EISIC, Dr. Nasrullah Memon and Computational Criminology: Early Warning Informatics System could predict Terrorist Threats
On the occasion of the EISIC (September 12-14,2011) held in Athens, we interviewed the Program Chair of the event Dr. Nasrullah Memon, professor at the University of Southern Denmark and member of the Steering Committee of the European Intelligence & Security Informatics Conference EISIC on Counterterrorism and Criminology. The event was organized jointly with The International Symposium on Open Source Intelligence and Web Mining (OSINT-WM 2011), and having as Academic Sponsors The University of Arizona, University of Southern Denmark, and The Hellenic American University, as technical co-sponsor the IEEE Computer Society, as local organizer the Hellenic American University and SPRINGER as the Industry Sponsor.
During the interview, Dr. Memon gave details about EISIC (past, present and future plans) , how the Intelligence Community can take advantage of the Intelligence & Security Informatics discipline, the relationship between counterterrorism and computational criminology, the role of Higher Education, as well as differents kinds of Crime involving information and communication technologies. The privacy problem was also analized during the conversation.
Here is an excerpt of a very interesting interview with one of the world´s most brilliant minds in Defense, Counterterrorism and Security Informatics, Dr. Nasrullah Memon.
Dear Dr. Memon, could you please tell us what is EISIC 2011? Please elaborate on its creation, mission, objectives and members.
EISIC is the European chapter of Intelligence and Security Informatics (ISI) series of conferences. The conference is dynamic and allows academicians, researchers and practitioners to keep abreast of new tools and methodologies in the area of Intelligence Security and Informatics. It is also a venue that fosters networking opportunities for people working in this scientific area.
After my graduation (PhD Defense), Professor Hsinchun Chen, Director, Artificial Lab, University of Arizona, the founder of ISI series of conferences encouraged us to organize the European chapter of ISI. In this context, the first event was organized under the name of EUROISI 2008 at Esbjerg, Denmark. That event was organized more as a workshop than a conference and it was not very well attended.
In September 2010, while Professor Hsinchun Chen visited University of Southern Denmark, we discussed how to re-organize the European chapter of ISI as an annual event in order to create a consortium involving academic researchers in information technologies, computer science, public policy, criminology, and social and behavior studies as well as local, national, and European law enforcement and intelligence experts, and information technology industry consultants and practitioners to support counterterrorism and national/international security missions of anticipation, interdiction, prevention, preparedness and response to terrorist acts. In other words the mission and objectives for the organization of EISIC series of conferences that came out from the discussions with Prof. Chen are to provide opportunities to establish a European network in the area of Intelligence and Security Informatics.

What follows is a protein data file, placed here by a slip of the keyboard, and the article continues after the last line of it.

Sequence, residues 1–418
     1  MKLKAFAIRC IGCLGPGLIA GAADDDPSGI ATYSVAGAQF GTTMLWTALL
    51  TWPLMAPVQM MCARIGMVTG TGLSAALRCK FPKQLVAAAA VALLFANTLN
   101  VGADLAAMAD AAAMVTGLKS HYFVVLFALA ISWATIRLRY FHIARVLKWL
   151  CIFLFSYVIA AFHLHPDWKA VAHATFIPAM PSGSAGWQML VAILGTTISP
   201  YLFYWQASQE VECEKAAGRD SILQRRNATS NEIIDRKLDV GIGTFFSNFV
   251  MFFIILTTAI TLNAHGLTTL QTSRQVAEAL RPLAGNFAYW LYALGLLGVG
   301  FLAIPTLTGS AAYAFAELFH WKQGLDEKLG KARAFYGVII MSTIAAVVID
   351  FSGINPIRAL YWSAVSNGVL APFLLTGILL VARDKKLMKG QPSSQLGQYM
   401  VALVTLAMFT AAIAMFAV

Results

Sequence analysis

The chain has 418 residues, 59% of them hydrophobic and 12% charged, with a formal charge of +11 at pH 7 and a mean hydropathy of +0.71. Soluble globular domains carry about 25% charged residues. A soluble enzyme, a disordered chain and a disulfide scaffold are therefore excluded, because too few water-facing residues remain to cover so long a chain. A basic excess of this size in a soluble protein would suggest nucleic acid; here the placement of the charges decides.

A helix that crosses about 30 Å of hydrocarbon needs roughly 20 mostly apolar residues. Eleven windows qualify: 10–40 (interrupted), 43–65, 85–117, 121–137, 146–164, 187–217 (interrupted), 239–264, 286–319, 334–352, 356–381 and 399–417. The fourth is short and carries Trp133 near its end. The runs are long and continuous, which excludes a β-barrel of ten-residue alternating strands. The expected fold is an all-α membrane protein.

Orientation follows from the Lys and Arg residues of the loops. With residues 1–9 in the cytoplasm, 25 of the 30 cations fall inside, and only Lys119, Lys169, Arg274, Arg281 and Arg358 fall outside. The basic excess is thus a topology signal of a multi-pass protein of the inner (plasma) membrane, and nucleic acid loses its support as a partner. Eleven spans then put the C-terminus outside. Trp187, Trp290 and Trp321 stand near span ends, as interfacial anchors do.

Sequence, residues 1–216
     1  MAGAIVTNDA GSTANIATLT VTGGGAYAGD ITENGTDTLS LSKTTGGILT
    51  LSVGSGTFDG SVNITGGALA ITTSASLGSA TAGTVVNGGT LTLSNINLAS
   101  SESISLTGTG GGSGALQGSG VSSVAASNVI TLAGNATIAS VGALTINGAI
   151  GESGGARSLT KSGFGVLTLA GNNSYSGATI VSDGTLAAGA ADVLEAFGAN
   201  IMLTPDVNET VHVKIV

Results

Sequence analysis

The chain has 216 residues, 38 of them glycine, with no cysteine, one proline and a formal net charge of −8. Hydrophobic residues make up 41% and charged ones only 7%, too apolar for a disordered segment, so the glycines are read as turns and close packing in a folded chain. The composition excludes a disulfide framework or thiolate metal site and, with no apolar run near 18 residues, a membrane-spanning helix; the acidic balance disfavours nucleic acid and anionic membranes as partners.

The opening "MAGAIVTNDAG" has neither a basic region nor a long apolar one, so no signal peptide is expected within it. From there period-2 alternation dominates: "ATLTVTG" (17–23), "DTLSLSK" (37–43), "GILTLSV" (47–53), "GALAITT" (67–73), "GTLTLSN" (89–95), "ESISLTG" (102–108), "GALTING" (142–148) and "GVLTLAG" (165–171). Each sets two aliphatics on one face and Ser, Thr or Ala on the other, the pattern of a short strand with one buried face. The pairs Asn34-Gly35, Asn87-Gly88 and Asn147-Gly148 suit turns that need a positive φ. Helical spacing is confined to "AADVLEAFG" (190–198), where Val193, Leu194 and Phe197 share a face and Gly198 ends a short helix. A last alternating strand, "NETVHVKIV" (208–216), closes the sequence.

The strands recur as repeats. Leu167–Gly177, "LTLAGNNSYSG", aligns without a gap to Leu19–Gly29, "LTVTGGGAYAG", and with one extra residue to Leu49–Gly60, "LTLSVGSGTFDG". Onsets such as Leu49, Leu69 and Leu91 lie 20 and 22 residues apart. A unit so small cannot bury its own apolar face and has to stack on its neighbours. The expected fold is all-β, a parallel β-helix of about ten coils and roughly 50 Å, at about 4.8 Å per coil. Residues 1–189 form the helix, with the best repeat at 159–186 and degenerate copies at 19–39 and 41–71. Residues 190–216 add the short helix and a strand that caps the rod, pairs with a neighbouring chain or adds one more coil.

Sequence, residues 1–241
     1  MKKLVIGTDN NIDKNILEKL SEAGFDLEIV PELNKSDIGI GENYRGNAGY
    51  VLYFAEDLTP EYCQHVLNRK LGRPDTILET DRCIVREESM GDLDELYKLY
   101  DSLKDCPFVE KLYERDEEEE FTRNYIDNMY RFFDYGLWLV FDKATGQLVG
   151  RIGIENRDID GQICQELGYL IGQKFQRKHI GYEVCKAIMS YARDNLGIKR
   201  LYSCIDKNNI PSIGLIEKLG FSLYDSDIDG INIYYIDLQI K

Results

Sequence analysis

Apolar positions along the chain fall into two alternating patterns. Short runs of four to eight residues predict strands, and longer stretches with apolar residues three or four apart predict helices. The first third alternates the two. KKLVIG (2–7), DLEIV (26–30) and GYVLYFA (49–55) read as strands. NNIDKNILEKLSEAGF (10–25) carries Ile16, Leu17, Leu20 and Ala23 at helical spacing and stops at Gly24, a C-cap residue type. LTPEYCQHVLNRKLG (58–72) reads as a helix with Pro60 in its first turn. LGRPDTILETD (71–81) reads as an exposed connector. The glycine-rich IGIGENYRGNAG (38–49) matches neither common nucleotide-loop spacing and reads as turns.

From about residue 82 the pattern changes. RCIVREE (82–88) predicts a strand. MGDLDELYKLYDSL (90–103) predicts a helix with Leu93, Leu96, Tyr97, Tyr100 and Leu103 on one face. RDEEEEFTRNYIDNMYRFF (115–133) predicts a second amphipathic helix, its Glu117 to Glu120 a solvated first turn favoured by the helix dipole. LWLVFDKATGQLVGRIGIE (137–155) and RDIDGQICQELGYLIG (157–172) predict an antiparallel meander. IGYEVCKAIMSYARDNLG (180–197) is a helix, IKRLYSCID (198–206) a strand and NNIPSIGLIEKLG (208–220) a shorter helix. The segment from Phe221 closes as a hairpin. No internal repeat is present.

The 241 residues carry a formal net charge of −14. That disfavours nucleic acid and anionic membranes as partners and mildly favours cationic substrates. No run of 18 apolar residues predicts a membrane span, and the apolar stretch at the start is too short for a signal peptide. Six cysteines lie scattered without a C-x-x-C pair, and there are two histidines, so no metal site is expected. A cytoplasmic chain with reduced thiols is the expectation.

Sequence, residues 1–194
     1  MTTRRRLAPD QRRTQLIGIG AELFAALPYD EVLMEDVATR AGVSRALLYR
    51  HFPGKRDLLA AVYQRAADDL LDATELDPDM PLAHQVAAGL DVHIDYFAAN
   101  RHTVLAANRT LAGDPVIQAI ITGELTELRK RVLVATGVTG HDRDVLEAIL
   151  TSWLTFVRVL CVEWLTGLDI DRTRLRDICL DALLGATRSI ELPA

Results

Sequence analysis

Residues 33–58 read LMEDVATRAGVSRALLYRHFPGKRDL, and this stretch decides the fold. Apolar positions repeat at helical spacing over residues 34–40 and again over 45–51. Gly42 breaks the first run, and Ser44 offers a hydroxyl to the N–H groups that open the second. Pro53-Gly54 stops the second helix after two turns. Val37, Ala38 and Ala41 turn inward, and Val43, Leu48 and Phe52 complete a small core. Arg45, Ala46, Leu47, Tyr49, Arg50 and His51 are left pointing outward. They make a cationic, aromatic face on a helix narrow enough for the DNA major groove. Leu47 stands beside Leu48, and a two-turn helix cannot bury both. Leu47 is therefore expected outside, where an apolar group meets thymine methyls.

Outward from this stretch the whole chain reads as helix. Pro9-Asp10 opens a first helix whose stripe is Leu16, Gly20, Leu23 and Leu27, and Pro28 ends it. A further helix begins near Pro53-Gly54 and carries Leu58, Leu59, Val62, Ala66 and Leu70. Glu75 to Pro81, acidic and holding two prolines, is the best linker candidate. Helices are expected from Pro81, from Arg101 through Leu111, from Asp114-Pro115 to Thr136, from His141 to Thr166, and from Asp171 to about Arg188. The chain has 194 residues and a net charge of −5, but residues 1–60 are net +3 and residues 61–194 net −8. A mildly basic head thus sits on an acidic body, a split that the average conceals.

The organization of the conference was a very difficult task and we started working for the success of the event from September 2010 with the collaboration of Hellenic American University, University of Southern Denmark and University of Arizona. We formed a team from the above mentioned academic institutes and Hellenic American University accepted to host EISIC 2011 in Athens, Greece while University of Southern Denmark accepted to host EISIC 2012 in Odense, Denmark. As per program chairs, Daniel Zeng and me invited around 100 researchers from academia and industry to work as program committee members. We received 111 submissions for EISIC 2011 and we accepted 27% of high quality papers as LONG papers based on the peer-review process. The research articles were received from 41 countries from all sub-continents.
The founding members of EISIC 2011 are: Prof. Hsinchun Chen, Prof. George J. Hagerty, Professor Uffe Kock Wiil, Professor Triant Flouris, Dr. Panagiotis Karampelas and myself.
What is your assessment of the conference in Athens?
As per feedback from the audience we found it was a very successful event. The keynote speeches as well as the paper presentations were very well attended by the participants and there were a lot of positive comments on the quality of the presentations. There were also a lot of opportunities for networking between the participants and we witnessed several discussions about future collaborations between the participants. I would like to mention at this point that the host organization played a vital role in the success of the conference sponsoring the expenses of keynote speakers and finding alternatives of certain problems we faced because of unforeseen incidents such as strikes, etc.
What activities does EISIC plan to carry out in the near future?